12. Tynnisha Hamilton

    Thank Tim,

    I agree with you that e-mail is a very important aspect of business. You have to take many things into consideration when its comes to business e-mails, as you have explained.

  13. I don’t even think of email as social media anymore. Thanks for the great tips!

  14. Thanks all for a nice set of comments here. I’m really glad to see I’m not the only one thinking about this. I need to remind myself, too, of most of these, all the time.

  15. We talk all the time about tone, context and intent, and to get “off the email” when not sure of any of these. Thanks for putting it all together so concisely.

  16. So many good points. #2 is one I’ve started using lately and it’s been incredibly helpful. Now when I go back to e-mails, I can find them based on the subject line. Remember it’s not private is an important tip, especially if you send an e-mail to the wrong person by mistake!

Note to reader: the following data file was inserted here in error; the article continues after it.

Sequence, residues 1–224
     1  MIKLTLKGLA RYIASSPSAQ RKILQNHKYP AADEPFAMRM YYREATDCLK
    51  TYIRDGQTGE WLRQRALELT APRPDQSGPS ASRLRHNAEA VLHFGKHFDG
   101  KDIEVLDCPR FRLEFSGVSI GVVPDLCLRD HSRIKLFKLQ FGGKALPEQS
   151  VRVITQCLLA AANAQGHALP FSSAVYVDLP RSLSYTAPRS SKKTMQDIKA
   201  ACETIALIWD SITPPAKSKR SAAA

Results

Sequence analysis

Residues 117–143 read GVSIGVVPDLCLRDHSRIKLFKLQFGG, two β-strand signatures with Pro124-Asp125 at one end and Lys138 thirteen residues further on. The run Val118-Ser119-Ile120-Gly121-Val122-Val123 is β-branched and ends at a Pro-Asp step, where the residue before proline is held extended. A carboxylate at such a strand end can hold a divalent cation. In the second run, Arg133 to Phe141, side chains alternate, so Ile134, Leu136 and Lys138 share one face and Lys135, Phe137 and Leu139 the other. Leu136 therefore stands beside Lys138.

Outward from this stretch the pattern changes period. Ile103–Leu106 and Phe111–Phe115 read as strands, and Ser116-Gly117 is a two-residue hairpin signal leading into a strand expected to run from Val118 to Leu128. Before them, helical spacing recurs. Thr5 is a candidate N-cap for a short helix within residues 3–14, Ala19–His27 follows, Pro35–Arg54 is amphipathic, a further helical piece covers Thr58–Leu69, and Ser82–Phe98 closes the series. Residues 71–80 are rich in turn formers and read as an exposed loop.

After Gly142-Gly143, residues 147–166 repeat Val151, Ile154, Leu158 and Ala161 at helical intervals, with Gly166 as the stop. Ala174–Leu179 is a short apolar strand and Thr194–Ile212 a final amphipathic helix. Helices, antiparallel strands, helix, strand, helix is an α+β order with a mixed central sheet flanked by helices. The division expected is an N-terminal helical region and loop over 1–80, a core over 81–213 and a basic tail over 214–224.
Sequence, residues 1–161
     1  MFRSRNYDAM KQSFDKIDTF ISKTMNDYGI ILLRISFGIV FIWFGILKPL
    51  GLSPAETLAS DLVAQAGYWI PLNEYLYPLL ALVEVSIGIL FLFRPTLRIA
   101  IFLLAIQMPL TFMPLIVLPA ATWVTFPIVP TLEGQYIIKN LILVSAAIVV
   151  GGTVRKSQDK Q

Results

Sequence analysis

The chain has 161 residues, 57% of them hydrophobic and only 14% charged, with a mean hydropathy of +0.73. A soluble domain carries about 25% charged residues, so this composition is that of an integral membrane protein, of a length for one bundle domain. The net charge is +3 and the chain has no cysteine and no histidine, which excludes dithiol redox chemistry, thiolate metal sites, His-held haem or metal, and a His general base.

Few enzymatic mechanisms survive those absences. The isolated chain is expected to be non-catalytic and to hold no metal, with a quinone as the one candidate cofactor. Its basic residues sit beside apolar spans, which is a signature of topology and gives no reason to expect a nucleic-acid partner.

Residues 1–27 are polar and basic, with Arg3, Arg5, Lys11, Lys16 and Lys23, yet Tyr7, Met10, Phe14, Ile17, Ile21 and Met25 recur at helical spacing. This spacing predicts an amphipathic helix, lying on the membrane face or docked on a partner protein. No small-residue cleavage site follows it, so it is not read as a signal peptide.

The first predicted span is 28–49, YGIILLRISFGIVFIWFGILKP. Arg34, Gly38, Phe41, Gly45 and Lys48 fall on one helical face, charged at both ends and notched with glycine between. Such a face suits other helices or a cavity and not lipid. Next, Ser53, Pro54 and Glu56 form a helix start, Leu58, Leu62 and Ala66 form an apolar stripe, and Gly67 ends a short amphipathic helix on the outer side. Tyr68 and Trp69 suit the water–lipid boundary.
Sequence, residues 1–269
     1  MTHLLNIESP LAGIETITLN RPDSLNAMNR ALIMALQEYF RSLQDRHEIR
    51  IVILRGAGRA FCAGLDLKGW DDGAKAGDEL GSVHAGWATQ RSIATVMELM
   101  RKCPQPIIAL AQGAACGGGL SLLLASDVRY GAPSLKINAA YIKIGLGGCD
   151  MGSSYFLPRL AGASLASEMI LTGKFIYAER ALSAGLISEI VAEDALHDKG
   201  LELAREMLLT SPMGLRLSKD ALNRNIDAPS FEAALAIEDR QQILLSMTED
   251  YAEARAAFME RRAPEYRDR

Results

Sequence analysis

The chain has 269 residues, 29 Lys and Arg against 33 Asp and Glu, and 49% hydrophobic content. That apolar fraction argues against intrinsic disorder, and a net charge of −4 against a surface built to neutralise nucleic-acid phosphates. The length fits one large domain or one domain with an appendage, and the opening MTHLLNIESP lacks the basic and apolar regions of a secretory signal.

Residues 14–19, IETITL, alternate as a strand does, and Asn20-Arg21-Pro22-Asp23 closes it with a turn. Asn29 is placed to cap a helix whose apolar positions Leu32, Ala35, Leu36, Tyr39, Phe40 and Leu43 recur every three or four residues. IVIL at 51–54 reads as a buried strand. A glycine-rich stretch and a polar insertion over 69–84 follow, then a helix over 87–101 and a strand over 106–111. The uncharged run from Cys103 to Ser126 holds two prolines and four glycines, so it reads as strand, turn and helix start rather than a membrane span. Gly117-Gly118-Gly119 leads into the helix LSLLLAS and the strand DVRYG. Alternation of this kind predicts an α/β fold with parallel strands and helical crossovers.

17. Tim-

    Nice! I particularly like #4, only one topic per message. I find that I get a better response when making the message “doable” for the reader. I too deal better when receiving messages in this way.

    Make the subject unique for the response desired.

    Thanks again!


  18. Pots and kettles: thanks again for comments, and special thanks to Dennis Kelly, who was kind enough to email me about a typo (fixed now) that had created a grammatical error in (oh the irony) #7, the one that suggests you avoid spelling and grammatical errors. What’s the emoticon for embarrassment? Tim

  19. Just found this website, very helpful to small businesses like ours! Enjoyed your article, Tim, on email etiquette. Lots of useful information to help us on the way to success (hopefully!) We’re a new holiday cottage company formed in July 2010 and working extremely hard to get there!